When Americans think about rising sea levels and their likely impact, we tend to focus on low-lying and lightly populated places like the Maldive Islands, Tuvalu, Kiribati … atoll states for whom submergence is more or less a certainty.
Occasionally we might remember that the Netherlands is also at risk. Or New Orleans.
Two reports in last week’s news turn that kind of thinking on its head.
One pointed out the threat to major cities, and huge populations, throughout Southeast and Central Asia. Another offered a sobering — and, to my eyes, a rather new and rare — assessment of vulnerabilities throughout the coastal regions of our own United States.
Perhaps you saw the brief AP story in the Strib, reporting on a new study from the Asian Development Bank. This analysis suggests that rising sea levels, driven by global warming, could threaten as much as one-third of Southeast Asia’s population with evacuation in the face of flooding and other disasters during the rest of this century.
Refugees without refuge
A better piece in The Economist looked at the striking figure of 42 million Asians displaced by weather in 2010 and 2011 and noted they have to relocate somewhere — most likely, big cities. However, those cities can’t really offer much refuge because, they, too
are often in the coastal areas most at risk from rising sea levels. In East Asia such cities include Guangzhou, Seoul and Nagoya. In South Asia Bangladesh’s capital, Dhaka, is vulnerable, as are Kolkata and Chennai. Substantial parts of Mumbai, a city of around 20 million people, are already below sea level. …
Last year heavy rainfall overwhelmed the Chao Phraya river system, on which Bangkok sits, and the Thai capital only just avoided a catastrophe. As it was, hundreds died, and the World Bank estimates the floods cost Thailand $46 billion in economic damage.
Given its readership, perhaps, The Economist found it unnecessary to point out that the aftershocks of such catastrophes ripple through the entire global economy, especially when it’s already shaky. These are regional catastrophes with worldwide consequences.
As for our own coastal regions, a grim picture can be drawn from two new studies that made the front page of The New York Times but, best as I can tell, escaped mention in local media until yesterday, when a brief reference turned up some 20 screens into Paul Douglas’ Strib blog. Here’s the top of the Times story:
About 3.7 million Americans live within a few feet of high tide and risk being hit by more frequent coastal flooding in coming decades because of the sea level rise caused by global warming, according to new research.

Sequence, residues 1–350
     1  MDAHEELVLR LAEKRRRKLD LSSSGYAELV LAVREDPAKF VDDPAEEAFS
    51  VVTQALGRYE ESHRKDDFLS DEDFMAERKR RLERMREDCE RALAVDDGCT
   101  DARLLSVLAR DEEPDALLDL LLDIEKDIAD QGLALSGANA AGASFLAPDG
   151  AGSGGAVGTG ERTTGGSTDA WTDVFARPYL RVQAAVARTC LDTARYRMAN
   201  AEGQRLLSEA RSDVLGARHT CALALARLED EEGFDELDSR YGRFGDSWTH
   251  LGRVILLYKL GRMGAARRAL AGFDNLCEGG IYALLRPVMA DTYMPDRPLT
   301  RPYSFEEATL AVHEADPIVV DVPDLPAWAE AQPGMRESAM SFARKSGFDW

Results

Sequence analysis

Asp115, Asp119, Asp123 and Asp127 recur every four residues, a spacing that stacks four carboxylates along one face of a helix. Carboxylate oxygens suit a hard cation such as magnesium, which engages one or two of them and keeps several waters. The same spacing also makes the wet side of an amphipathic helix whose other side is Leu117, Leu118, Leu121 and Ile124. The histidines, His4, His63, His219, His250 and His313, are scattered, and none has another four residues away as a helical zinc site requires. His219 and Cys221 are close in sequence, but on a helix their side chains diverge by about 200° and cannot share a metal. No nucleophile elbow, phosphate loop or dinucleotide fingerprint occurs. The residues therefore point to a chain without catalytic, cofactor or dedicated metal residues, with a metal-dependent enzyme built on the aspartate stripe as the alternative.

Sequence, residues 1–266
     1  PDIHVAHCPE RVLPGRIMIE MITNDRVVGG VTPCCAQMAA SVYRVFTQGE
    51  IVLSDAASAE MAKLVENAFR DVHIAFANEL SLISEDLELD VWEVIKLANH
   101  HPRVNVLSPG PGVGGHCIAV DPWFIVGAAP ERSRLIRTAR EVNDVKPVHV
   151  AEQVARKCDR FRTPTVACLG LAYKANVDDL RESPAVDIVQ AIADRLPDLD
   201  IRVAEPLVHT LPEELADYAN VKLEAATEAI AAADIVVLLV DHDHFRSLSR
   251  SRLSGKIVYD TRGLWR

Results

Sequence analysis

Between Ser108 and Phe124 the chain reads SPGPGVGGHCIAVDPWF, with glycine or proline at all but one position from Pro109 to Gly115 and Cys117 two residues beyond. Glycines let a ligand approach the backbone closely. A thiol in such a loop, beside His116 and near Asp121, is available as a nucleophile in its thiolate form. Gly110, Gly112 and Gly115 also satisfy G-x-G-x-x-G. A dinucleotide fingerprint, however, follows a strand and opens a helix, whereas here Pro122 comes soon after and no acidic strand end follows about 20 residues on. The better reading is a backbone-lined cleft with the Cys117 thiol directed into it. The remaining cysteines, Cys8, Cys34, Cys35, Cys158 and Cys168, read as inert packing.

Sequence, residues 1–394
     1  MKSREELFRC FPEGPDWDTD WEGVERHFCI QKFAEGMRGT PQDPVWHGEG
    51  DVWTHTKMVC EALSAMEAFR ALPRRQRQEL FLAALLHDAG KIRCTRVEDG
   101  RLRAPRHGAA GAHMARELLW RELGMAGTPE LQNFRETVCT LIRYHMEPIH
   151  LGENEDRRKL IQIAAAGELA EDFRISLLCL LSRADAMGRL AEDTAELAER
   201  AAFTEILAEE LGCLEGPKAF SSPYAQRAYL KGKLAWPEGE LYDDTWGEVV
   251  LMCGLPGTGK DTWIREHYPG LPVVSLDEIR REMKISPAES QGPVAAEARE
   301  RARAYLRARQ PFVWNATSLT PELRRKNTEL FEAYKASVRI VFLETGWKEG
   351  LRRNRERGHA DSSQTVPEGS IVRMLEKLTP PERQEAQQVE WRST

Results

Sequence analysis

If the pace of the rise accelerates as much as expected, researchers found, coastal flooding at levels that were once exceedingly rare could become an every-few-years occurrence by the middle of this century.
By far the most vulnerable state is Florida, the new analysis found, with roughly half of the nation’s at-risk population living near the coast on the porous, low-lying limestone shelf that constitutes much of that state. But Louisiana, California, New York and New Jersey are also particularly vulnerable, researchers found, and virtually the entire American coastline is at some degree of risk.
Higher tides and storm surges
The research cited here is two separate but related analyses. One study simply calculated the amount of coastal land that would be underwater if sea levels rose as much as one meter, a middle-range estimate these days for what’s likely over the next 90 years.
As climate-impact modeling goes, this is comparatively straightforward and noncontroversial stuff. If you know how much of, say, Florida’s Atlantic coast is three feet or less above today’s average high tide line, you know how much will be new seabottom if the ocean rises three feet.
The second analysis added in the effect of storm surges, drawing on decades of data collected by more than 50 monitoring stations along America’s Atlantic, Pacific and Gulf coasts, and additionally factored in the probability that storm surges will intensify as things get warmer.
Both studies were undertaken for Climate Central, a New Jersey outfit that conducts and publishes original research and other material on “the clear and present danger” of global warming.